Tuesday, December 11, 2012

HOWTO: MonoTouch Enterprise Deployment

Okay, so you've gotten the "Engage" hand-gesture from your Captain to deploy your MonoTouch app to the rest of the crew of the Enterprise. Now all you need to know is which buttons to press on your helm...

Step 1.

First, you'll need to make sure that you've created and installed your "In-House" Distribution Certificate via Apple's iOS Provisioning Portal.

Step 2.

Open your Project Options in MonoDevelop and navigate to the iPhone Bundle Signing section.

If you've got MonoDevelop 3.1.0 or later, you'll be able to set your configuration to:

Otherwise you'll simply have to select your Provisioning Profile manually.

Once you've selected your signing certificate and provisioning profile, click the OK button to dismiss the Project Options dialog.

Step 3.

In MonoDevelop, click on the Build menu and select Archive. This will build your project and archive it in a location that Xcode will be able to see it in its Organizer window.

Step 4.

Launch Xcode and then click on the Window menu and select Organizer. At the top of Xcode's Organizer window, you will see an array of icons. Click on the one labeled Archives.

Find your application in the list of archives and select it.

Step 5.

Now click on the Distribute... button in the top-right area of the window and select Save for Enterprise or Ad-Hoc Deployment.

The next screen will prompt you for your code-signing certificate, providing you with a drop-down menu listing your available options.

Clicking Next will cause an action sheet to slide into view, prompting you for the location to save the AppName.ipa package and the AppName.plist file.

Important: Make sure to toggle the Save for Enterprise Distribution checkbox.

Once you've finished filling out all of the fields, click on the Save button.

Step 6.

You'll need to upload the saved AppName.ipa and AppName.plist files to your corporate web server in the location that you specified in the previous step. You'll also need a web page that will link to your app using a hyperlink similar to the one below:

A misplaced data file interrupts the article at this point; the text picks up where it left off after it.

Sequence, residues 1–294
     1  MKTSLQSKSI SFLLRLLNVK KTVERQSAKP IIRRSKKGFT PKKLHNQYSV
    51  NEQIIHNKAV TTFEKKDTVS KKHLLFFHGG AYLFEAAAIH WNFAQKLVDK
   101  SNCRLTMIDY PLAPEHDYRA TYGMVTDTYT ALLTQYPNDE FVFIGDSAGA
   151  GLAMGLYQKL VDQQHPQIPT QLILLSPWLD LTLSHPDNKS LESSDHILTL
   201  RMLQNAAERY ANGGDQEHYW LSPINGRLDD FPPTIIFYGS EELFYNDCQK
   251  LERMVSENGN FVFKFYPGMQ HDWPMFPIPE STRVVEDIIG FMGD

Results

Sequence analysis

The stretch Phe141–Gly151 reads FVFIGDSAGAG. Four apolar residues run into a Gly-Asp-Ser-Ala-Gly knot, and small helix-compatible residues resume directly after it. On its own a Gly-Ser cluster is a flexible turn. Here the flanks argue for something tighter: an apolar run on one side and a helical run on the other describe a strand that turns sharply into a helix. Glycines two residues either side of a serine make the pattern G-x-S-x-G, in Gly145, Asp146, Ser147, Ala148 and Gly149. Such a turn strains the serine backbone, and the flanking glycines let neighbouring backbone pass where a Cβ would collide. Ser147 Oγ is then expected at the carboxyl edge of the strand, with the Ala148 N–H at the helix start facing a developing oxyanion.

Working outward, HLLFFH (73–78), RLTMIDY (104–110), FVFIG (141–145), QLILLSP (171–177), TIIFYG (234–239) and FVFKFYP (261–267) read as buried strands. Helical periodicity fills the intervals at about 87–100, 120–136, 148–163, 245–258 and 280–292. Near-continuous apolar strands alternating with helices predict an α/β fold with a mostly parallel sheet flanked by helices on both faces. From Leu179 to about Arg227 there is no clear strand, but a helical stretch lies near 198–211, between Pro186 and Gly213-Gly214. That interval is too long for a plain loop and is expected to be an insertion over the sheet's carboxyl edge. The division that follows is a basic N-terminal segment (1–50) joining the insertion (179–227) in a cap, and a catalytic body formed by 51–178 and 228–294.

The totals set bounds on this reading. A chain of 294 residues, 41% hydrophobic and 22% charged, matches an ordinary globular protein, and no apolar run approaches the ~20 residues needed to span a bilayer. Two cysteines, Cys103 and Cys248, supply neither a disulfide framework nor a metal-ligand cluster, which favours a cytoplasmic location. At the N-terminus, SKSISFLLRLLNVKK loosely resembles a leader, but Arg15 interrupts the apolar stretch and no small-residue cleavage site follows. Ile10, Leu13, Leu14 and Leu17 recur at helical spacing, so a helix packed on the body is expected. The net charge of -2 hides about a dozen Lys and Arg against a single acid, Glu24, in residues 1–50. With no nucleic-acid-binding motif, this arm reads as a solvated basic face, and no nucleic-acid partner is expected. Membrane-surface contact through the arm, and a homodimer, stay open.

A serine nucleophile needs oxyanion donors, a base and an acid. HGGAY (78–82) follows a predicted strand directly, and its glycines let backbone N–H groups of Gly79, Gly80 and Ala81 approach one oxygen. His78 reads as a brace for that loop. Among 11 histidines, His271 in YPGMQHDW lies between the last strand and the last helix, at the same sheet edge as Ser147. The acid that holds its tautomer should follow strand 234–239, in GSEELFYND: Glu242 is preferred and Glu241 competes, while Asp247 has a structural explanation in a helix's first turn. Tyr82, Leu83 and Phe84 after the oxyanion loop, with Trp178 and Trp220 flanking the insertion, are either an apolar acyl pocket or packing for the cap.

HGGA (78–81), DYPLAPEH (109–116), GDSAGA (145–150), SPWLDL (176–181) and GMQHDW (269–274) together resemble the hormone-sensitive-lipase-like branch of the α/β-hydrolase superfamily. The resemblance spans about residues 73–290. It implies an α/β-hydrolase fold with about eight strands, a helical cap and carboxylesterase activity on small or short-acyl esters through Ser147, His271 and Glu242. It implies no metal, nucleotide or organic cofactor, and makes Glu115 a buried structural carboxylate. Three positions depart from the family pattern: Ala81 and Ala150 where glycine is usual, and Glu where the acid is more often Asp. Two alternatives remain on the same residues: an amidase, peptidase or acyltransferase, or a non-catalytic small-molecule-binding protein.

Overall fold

<a href="itms-services://?action=download-manifest&url=http://internal.mycompany.com/Applications/AppName.plist">Install AppName!</a>

That's it! You're done!

Thursday, August 30, 2012

A Better Alternative to the TSA?

Most everyone agrees that going through airport security and being groped by the TSA is not only offensive, but also a major nuisance.

How about replacing the TSA with privately run airport security?

It sounds like San Francisco travelers much prefer their privately run airport security than the TSA at all other US airports.

Sunday, June 17, 2012

Beware Inflation

By a continuing process of inflation, government can confiscate, secretly and unobserved, an important part of the wealth of their citizens.

-- John Maynard Keynes, The Economic Consequences of the Peace

Saturday, March 17, 2012

Introducing MonoTouch.SQLite

I've been working on a personal side-project writing an app for the iPad that makes use of SQLite-Net, displaying that data in a UITableView.

Up until this past week, I had been using Miguel de Icaza's wonderful MonoTouch.Dialog library for displaying my data. Unfortunately, I wanted search filtering to be persistent, which means that I really needed to use Apple's UISearchDisplayController but I couldn't find an easy way to retrofit that onto MonoTouch.Dialog's DialogViewController to replace the simpler UISearchBar API that it currently uses. Since I had to look at creating an alternate solution, I figured I might as well solve the other potential problem I had with MonoTouch.Dialog, which is that my app really needed to be able to handle tables with a massive number of items. This brings us to...